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Nice Puzzle

Amer

Active member
Mar 1, 2012
275
Arrange the numbers: 1,2,3,4,5,6,7,8,9,10,11,12,13,14,15
such that the summation of each two successive numbers is a complete square easy interesting question
 

MarkFL

Administrator
Staff member
Feb 24, 2012
13,775
8, 1, 15, 10, 6, 3, 13, 12, 4, 5, 11, 14, 2, 7, 9
 

Bacterius

Well-known member
MHB Math Helper
Jan 26, 2012
644
I can think of a backtracking algorithm to solve this relatively efficiently given any input set. Might code it up tomorrow. Does anyone have a way to attack this analytically (again, for any input set, not just consecutive integers, and return any solution sequence - or none if there are none). An argument for the associated decision problem would be interesting to see too.
 

chisigma

Well-known member
Feb 13, 2012
1,704
I can think of a backtracking algorithm to solve this relatively efficiently given any input set. Might code it up tomorrow. Does anyone have a way to attack this analytically (again, for any input set, not just consecutive integers, and return any solution sequence - or none if there are none). An argument for the associated decision problem would be interesting to see too.
If n=2 k + 1 is a perfect square and the set is 1,2,..., 2k then is...


2 K + 1 = 2k-1 + 2 = 2 k -2 + 3 + ... = k+1 + k = n (1)


Of course however that is a very particular case...


Kind regards


$\chi$ $\sigma$
 

Barioth

Member
Jan 17, 2013
52
I solved it too using

a matrix (I named my matrix A) with \(\displaystyle A_ab=1 if a+b=perfect square\)

It's pretty much done once you have the matrix, you see that 8 as the be the first (or last) number.


I ended with the same solution as MarkFL, and I was wondering if there is always a solution for n large enough?
and if that solution(if it exist) was unique?

I know that for this case with n =15 the solution is unique.

I'll take a look at it tomorow (right now I need to hit the bed) if someone find something before I do let me know!
 

Bacterius

Well-known member
MHB Math Helper
Jan 26, 2012
644
I solved it too using

a matrix (I named my matrix A) with \(\displaystyle A_ab=1 if a+b=perfect square\)

It's pretty much done once you have the matrix, you see that 8 as the be the first (or last) number.


I ended with the same solution as MarkFL, and I was wondering if there is always a solution for n large enough?
and if that solution(if it exist) was unique?

I know that for this case with n =15 the solution is unique.

I'll take a look at it tomorow (right now I need to hit the bed) if someone find something before I do let me know!
There are actually two solutions for n = 15, forward and reverse (obviously). There are no others. Solutions are not guaranteed to exist. There are none for n = 16, for instance (checked myself). Curiously there apparently are solutions for n = 30 and n = 60 (unsure, I'll check later). I have been working on two versions of an algorithm but they always end up having exponential complexity, because I can't find a good algorithm. I might post my drafts once I come back from comp labs.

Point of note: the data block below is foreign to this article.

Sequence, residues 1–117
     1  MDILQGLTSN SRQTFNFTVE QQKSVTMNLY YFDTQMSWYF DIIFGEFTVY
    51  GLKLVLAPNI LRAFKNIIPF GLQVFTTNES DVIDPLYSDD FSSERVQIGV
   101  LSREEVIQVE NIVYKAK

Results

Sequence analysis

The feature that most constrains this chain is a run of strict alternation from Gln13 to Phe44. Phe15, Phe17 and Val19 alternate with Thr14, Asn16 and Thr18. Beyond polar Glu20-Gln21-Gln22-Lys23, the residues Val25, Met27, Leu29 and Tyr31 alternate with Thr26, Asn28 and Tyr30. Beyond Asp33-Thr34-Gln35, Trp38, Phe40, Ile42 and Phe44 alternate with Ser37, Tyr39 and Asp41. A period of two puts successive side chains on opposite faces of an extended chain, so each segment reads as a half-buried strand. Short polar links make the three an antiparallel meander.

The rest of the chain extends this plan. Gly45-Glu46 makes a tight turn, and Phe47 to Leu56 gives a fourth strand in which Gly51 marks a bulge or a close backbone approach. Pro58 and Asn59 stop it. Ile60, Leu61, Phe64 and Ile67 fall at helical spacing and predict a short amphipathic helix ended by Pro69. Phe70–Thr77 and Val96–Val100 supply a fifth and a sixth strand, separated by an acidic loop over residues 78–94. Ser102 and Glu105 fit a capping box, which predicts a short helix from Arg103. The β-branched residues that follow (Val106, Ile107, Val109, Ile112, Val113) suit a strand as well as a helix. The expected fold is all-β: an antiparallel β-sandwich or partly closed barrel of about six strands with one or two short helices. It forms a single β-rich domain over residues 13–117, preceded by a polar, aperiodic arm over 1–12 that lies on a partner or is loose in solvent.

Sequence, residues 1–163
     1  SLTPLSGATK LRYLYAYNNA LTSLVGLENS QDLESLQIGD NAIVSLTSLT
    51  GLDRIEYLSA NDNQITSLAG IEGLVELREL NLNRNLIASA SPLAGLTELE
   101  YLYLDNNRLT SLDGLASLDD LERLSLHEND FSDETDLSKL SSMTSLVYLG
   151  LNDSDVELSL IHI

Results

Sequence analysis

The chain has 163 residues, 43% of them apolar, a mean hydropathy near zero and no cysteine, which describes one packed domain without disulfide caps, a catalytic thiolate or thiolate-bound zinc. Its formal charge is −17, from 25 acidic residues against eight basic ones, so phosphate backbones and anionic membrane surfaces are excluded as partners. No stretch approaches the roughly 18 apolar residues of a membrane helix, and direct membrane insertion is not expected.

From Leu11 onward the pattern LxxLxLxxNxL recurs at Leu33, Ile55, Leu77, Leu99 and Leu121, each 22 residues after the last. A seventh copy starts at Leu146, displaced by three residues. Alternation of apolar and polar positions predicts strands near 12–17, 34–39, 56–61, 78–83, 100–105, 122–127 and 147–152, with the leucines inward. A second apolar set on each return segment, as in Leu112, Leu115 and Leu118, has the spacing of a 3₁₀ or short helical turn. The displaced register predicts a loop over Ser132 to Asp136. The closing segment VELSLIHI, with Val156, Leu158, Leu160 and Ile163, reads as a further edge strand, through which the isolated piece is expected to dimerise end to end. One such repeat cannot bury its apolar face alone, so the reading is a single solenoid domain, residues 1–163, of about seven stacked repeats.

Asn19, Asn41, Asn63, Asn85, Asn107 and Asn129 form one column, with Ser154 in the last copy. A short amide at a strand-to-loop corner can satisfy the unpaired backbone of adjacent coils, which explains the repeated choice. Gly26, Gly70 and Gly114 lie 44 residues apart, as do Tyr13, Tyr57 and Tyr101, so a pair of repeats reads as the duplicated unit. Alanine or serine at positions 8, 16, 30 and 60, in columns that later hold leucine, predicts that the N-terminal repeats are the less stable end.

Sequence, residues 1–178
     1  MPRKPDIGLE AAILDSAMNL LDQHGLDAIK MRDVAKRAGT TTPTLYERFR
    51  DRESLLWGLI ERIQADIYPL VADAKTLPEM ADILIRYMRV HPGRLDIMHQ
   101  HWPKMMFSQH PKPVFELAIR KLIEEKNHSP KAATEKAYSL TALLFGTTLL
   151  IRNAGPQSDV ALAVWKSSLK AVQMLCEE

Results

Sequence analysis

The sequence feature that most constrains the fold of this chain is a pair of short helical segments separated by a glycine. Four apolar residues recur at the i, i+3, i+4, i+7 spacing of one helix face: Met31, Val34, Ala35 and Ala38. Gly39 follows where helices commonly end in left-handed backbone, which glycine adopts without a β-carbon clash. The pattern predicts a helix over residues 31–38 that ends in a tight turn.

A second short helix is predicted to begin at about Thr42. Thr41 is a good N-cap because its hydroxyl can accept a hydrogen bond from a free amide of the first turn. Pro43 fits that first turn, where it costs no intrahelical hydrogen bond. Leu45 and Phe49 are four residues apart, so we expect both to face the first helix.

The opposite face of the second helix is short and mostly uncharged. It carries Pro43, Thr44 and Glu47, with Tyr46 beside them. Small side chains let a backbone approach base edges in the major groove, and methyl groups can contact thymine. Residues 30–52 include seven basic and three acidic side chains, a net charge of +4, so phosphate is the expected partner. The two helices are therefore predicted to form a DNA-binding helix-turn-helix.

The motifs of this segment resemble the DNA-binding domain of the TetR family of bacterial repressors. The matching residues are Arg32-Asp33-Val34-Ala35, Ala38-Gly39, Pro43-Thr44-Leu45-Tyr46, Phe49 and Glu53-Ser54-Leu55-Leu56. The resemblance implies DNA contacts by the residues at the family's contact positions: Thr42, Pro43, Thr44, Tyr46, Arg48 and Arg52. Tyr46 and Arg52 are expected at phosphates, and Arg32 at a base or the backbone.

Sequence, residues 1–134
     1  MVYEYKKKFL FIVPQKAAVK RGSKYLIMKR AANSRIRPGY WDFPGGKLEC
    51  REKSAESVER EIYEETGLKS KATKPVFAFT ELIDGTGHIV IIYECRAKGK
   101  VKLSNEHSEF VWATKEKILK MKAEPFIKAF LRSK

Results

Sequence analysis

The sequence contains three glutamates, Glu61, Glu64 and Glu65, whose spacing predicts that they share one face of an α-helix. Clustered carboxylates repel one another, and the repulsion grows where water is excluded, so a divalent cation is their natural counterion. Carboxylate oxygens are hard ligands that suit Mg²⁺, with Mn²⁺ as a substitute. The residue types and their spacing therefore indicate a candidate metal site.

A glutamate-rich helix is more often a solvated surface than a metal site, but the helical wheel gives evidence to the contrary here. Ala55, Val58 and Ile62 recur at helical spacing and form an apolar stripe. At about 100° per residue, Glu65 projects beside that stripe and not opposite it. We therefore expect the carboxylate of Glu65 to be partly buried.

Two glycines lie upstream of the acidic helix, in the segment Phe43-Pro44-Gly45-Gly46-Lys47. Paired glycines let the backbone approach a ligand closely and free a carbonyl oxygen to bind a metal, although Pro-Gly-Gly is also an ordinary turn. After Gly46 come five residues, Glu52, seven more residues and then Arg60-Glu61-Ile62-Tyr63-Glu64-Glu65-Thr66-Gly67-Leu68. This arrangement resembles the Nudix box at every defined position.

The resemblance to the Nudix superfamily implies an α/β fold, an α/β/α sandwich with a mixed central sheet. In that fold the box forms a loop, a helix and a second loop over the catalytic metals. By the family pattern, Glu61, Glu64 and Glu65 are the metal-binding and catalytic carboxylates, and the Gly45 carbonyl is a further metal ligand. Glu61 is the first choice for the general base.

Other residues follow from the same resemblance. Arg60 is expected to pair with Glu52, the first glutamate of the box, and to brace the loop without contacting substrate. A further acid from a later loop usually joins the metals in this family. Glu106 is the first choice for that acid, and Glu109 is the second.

Bacterius

Well-known member
MHB Math Helper
Jan 26, 2012
644
Actually my bad, I wrote the above in a hurry. n = 16 actually has solutions, namely:

(8, 1, 15, 10, 6, 3, 13, 12, 4, 5, 11, 14, 2, 7, 9, 16)
(16, 9, 7, 2, 14, 11, 5, 4, 12, 13, 3, 6, 10, 15, 1, 8)

n = 17 has the following solutions:

(17, 8, 1, 15, 10, 6, 3, 13, 12, 4, 5, 11, 14, 2, 7, 9, 16)
(16, 9, 7, 2, 14, 11, 5, 4, 12, 13, 3, 6, 10, 15, 1, 8, 17)

n = 18 to n = 22 have no solutions.

n = 23 has the following solutions:

(22, 3, 1, 8, 17, 19, 6, 10, 15, 21, 4, 12, 13, 23, 2, 14, 11, 5, 20, 16, 9, 7, 18)
(18, 7, 2, 23, 13, 12, 4, 21, 15, 10, 6, 19, 17, 8, 1, 3, 22, 14, 11, 5, 20, 16, 9)
(2, 23, 13, 12, 4, 21, 15, 10, 6, 19, 17, 8, 1, 3, 22, 14, 11, 5, 20, 16, 9, 7, 18)
(9, 16, 20, 5, 11, 14, 22, 3, 1, 8, 17, 19, 6, 10, 15, 21, 4, 12, 13, 23, 2, 7, 18)
(18, 7, 9, 16, 20, 5, 11, 14, 2, 23, 13, 12, 4, 21, 15, 10, 6, 19, 17, 8, 1, 3, 22)
(18, 7, 9, 16, 20, 5, 11, 14, 22, 3, 1, 8, 17, 19, 6, 10, 15, 21, 4, 12, 13, 23, 2)

There will always be an even number of solutions, obviously.

Looks mysterious :confused:

...

An observation is that for n close to 15, the solutions tend to reuse the existing solution for n = 15 in some way (here 16 is added at the end, and after that 17 is added at the beginning), which I guess makes sense heuristically. The pattern breaks down for n = 23 though, there are bits of the original solution e.g. (8, 1, 15) but overall it changes quite a bit.

This is actually an interesting and deep problem. I wonder if it's NP-complete :p (probably not, if we limit ourselves to inputs of the form {1, 2, 3, ..., n} there should be an efficient way to find solutions. wouldn't surprise me if the full generalization is NP-complete though)
 
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Amer

Active member
Mar 1, 2012
275
if we have three numbers in the given set that just has one mate from the set ( i mean by the mate, the summation of the two mates is a complete square ) then we cant order them

in our set 1,2,3,...,15
we have two such numbers which will be at the ends of the arrangement 9,8

for example 1,2,3,4,...,10
we cant order it since 10,9,8 has one mate